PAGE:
Abstract

High-form pentlandite of composition Fe4.93Ni4.06S8.01 first crystallizes by peritectic reaction between liquid and monosulfide solid-solution at 870 ± 3 °C (865 ± 3 °C for high-form pentlandite with Fe=Ni in at.%) in the Fe–Ni–S system; it forms a limited solid-solution from Fe5.08Ni3.93S7.99 to Fe3.81Ni5.24S7.96 including the ideal composition Fe4.50Ni4.50S8.00 at 850 °C. The solid solution grows rapidly to extend its field toward the Ni-rich side with decreasing temperature and connects with β2 (44.7 at.% S) in the Ni–S join at 806 ± 3 °C (peritectic between liquid and Ni1–xS). Below the peritectic temperature, high-form pentlandite (metal-rich composition) crystallizes directly from liquid. This crystallization continues to the eutectic (746 ± 3 °C for the high form with Fe=Ni) with decreasing temperature, and the high-form solid solution grows still more. Crystallization of the monosulfide solid-solution and high-form pentlandite solid solution from liquid finishes at 762 ± 3 °C and 739 ± 3 °C, respectively. The high-form pentlandite solid solution extended from the Ni–S join is maintained at 700 and 650 °C and coexists with monosulfide solid-solution and/or with liquid (870 to 739 °C), and/or with β1 or its solid solution (800 to 503 °C), and/or with γ (762 to 579 °C).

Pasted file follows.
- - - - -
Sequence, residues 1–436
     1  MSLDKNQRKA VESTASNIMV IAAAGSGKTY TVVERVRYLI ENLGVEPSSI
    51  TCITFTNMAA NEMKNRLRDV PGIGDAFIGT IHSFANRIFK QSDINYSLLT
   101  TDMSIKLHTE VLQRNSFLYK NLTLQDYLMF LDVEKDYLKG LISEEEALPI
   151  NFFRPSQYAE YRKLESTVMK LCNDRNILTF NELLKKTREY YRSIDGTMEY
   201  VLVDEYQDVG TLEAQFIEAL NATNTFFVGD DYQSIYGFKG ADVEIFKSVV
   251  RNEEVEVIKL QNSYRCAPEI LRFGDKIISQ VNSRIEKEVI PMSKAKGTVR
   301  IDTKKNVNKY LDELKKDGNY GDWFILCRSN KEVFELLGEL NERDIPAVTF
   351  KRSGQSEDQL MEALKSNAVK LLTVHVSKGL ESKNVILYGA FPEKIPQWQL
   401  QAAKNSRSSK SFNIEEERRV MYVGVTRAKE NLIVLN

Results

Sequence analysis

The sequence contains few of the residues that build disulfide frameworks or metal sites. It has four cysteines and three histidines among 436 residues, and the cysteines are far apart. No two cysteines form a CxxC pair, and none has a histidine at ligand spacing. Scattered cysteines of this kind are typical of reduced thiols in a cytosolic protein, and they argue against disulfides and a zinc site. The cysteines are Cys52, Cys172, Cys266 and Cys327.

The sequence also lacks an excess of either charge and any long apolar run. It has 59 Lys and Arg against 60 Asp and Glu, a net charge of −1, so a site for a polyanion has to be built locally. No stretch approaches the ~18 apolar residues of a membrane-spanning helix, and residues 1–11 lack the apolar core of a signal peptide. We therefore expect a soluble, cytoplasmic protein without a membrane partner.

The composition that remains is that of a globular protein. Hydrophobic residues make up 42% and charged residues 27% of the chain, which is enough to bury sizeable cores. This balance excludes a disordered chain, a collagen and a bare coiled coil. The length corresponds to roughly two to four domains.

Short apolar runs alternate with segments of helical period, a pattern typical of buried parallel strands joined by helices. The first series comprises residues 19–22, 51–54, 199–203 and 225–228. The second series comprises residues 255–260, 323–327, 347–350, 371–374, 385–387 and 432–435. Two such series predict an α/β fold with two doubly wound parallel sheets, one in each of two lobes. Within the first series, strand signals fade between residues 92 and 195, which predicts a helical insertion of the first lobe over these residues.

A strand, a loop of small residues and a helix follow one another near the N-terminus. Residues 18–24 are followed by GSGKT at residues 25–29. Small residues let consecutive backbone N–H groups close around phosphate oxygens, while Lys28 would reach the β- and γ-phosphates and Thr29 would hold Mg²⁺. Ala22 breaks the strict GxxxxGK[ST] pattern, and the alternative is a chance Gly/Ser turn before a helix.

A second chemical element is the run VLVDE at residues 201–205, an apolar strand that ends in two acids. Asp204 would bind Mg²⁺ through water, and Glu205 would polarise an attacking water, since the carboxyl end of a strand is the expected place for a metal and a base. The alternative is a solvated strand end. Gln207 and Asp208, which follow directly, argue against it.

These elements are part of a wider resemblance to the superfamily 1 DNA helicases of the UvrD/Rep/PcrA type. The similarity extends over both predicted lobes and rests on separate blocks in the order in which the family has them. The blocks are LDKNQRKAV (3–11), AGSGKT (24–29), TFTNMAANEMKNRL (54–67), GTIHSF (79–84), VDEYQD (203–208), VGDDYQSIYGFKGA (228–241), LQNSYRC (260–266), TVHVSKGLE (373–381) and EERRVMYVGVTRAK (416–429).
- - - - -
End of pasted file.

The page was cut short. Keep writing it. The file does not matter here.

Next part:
In geological processes such as the formation of Ni-Cu ore deposits, pentlandite can crystallize as the high form from liquid (sulfide magma) by peritectic and eutectic reactions at comparatively high temperatures from 870 to 739 °C (Fe–Ni–S system). Pentlandite is also produced by the breakdown of the high form at the pseudoeutectoid (or ternary eutectoid). Pentlandite can further be formed by exsolution from monosulfide solid-solution below 600 °C, and from the ternary β1 phase.

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